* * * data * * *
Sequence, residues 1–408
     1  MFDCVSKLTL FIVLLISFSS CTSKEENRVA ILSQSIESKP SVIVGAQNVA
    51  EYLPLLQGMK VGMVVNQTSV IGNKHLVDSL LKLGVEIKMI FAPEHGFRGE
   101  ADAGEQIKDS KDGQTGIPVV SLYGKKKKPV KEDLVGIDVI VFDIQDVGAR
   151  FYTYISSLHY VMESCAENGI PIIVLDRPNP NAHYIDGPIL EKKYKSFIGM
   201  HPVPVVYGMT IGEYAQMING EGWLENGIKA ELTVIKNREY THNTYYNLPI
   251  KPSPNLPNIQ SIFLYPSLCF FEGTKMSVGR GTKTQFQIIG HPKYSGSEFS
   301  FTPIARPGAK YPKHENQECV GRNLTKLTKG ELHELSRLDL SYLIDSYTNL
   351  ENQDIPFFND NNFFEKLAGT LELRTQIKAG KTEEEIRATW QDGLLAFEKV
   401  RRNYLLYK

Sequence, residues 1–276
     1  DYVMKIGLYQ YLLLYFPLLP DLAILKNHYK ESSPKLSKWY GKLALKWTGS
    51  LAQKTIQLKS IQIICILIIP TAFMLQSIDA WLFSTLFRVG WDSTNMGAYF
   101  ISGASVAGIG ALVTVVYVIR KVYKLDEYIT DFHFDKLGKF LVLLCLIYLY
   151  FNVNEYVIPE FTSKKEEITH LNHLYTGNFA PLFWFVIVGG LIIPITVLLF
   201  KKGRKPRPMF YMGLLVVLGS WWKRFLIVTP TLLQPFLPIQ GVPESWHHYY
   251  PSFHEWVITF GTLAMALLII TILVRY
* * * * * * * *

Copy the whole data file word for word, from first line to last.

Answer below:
Sequence, residues 1–408
     1  MFDCVSKLTL FIVLLISFSS CTSKEENRVA ILSQSIESKP SVIVGAQNVA
    51  EYLPLLQGMK VGMVVNQTSV IGNKHLVDSL LKLGVEIKMI FAPEHGFRGE
   101  ADAGEQIKDS KDGQTGIPVV SLYGKKKKPV KEDLVGIDVI VFDIQDVGAR
   151  FYTYISSLHY VMESCAENGI PIIVLDRPNP NAHYIDGPIL EKKYKSFIGM
   201  HPVPVVYGMT IGEYAQMING EGWLENGIKA ELTVIKNREY THNTYYNLPI
   251  KPSPNLPNIQ SIFLYPSLCF FEGTKMSVGR GTKTQFQIIG HPKYSGSEFS
   301  FTPIARPGAK YPKHENQECV GRNLTKLTKG ELHELSRLDL SYLIDSYTNL
   351  ENQDIPFFND NNFFEKLAGT LELRTQIKAG KTEEEIRATW QDGLLAFEKV
   401  RRNYLLYK

Sequence, residues 1–276
     1  DYVMKIGLYQ YLLLYFPLLP DLAILKNHYK ESSPKLSKWY GKLALKWTGS
    51  LAQKTIQLKS IQIICILIIP TAFMLQSIDA WLFSTLFRVG WDSTNMGAYF
   101  ISGASVAGIG ALVTVVYVIR KVYKLDEYIT DFHFDKLGKF LVLLCLIYLY
   151  FNVNEYVIPE FTSKKEEITH LNHLYTGNFA PLFWFVIVGG LIIPITVLLF
   201  KKGRKPRPMF YMGLLVVLGS WWKRFLIVTP TLLQPFLPIQ GVPESWHHYY
   251  PSFHEWVITF GTLAMALLII TILVRY